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  • Oh me oh my, "MI" is not "I" - "MI PAD" and "IPAD" are not similar

    SINGAPORE
    Intellectual property
    Xiaomi's 'MI PAD' and Apple 'IPAD' not similar
    Xiaomi's "MI PAD" trade mark can be registered, says the Intellectual Property Office of Singapore (IPOS) following an unsuccessful opposition by Apple Inc. Underpinning the decision is the Principal Assistant Registrar's (PAR) finding that the parties' respective marks, "MI PAD" and "IPAD", were not similar.

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  • Related entities and failure to prevent insolvent trading – go to the back of the line

    AUSTRALIA
    Insolvency
    Guidance for liquidators attempting to recover amounts from directors of insolvent company
    The appellants, Mr and Mrs Perrine, were directors and shareholders of Perrine Architecture Pty Ltd (Perrine Architecture). Perrine Architecture owned approximately 79% of the shares in Perrinepod Pty Ltd (Perrinepod), of which the appellants were also directors. The respondent liquidator, Mr Carrello (Liquidator) was appointed as liquidator of Perrinepod on 1 March 2012.

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  • Worker wins $8000 in compensation after being dismissed for admitting birthday drinks left her unable to work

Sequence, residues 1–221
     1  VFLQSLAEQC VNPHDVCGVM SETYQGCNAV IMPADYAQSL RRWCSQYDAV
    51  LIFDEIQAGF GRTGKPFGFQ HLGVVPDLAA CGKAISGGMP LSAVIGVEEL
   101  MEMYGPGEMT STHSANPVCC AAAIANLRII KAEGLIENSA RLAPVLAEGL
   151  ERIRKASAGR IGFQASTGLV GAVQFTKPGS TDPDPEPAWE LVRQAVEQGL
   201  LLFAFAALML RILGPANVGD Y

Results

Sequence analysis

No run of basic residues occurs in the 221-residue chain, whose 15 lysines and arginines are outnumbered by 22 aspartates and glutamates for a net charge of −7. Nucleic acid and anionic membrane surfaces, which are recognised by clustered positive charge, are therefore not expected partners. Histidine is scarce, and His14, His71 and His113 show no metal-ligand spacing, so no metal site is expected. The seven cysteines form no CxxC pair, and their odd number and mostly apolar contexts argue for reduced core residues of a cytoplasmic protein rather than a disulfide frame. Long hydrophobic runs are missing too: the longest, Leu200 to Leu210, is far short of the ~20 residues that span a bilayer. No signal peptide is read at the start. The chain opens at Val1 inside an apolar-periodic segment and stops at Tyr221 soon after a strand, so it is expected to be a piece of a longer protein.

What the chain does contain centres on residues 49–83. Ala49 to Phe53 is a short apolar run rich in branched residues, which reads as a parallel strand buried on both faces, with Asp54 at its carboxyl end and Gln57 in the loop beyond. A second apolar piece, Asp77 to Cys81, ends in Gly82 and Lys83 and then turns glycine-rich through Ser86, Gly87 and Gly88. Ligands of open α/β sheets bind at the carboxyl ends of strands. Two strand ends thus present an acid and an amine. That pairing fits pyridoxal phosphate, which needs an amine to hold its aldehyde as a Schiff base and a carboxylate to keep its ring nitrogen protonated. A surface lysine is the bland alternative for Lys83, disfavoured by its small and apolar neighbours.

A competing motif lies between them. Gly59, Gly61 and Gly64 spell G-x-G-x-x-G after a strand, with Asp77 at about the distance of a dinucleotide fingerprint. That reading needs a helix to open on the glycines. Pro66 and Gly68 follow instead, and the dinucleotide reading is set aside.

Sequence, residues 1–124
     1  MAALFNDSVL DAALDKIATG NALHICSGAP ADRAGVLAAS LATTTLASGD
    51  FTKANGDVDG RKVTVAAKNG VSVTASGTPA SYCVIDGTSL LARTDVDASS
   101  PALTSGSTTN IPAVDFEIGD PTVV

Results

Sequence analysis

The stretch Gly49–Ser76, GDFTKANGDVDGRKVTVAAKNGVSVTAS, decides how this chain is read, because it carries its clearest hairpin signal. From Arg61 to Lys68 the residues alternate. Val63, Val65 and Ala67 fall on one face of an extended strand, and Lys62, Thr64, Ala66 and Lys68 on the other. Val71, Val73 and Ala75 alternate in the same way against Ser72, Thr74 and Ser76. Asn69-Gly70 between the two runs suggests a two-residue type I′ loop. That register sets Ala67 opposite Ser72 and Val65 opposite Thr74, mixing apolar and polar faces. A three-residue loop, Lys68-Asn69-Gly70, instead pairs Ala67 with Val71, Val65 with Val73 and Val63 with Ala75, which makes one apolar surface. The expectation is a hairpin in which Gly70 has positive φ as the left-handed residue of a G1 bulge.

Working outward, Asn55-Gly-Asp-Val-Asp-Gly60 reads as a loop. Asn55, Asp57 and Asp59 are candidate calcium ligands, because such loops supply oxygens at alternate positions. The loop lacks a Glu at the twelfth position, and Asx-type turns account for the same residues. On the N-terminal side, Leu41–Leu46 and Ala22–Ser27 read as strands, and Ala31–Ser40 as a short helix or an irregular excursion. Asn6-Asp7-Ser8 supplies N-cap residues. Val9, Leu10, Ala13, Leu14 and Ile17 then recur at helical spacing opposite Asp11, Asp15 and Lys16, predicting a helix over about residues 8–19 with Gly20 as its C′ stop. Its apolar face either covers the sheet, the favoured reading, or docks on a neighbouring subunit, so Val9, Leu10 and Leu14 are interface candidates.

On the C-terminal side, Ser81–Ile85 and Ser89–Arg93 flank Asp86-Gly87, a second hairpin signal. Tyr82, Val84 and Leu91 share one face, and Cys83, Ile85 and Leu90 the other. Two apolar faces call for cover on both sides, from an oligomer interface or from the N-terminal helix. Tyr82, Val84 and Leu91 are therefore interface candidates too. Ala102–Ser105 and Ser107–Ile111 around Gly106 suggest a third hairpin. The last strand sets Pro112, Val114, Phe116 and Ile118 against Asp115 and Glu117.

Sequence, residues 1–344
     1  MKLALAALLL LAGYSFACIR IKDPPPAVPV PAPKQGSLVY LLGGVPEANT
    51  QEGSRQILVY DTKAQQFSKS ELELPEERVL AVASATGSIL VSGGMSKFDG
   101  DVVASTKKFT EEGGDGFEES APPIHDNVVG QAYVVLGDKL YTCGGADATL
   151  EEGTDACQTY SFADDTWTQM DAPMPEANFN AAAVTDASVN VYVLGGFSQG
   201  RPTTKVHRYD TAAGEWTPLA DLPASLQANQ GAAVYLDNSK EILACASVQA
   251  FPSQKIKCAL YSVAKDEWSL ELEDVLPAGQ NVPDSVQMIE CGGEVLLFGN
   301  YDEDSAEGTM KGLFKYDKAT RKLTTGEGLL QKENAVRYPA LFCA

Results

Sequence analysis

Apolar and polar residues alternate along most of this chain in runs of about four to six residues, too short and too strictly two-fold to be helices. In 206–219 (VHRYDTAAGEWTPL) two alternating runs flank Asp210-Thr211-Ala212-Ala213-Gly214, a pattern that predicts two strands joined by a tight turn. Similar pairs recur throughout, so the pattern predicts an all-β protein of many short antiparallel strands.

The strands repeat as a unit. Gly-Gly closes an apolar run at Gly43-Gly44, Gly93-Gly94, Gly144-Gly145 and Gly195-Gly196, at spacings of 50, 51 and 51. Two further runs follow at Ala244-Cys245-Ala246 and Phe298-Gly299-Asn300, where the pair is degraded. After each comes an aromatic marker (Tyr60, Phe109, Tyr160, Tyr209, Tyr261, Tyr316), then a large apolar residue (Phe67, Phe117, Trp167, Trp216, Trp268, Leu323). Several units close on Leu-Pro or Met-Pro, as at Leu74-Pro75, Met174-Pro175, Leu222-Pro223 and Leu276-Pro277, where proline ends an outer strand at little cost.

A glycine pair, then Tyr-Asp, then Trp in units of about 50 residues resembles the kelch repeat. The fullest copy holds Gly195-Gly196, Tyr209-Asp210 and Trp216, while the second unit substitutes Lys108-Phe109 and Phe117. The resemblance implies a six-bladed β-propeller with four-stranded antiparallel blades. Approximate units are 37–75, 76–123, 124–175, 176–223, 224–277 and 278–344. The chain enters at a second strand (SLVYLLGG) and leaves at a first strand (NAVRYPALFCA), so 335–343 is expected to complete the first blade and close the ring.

AUSTRALIA
    Employment
    Reinstatement of employee not appropriate, employer to pay A$8,230 in compensation
    Salmon producer Tassal has been ordered to pay a former employee $8200 in compensation after the company fired her for calling in sick on the afternoon of ANZAC Day this year, admitting she had “over indulged” and would not be coming to work the next day. The staff member worked in a processing role for Tassal between August 2012 and her dismissal in May 2017.

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  • Database rights can subsist in PDFs, rules High Court

    UK
    Intellectual property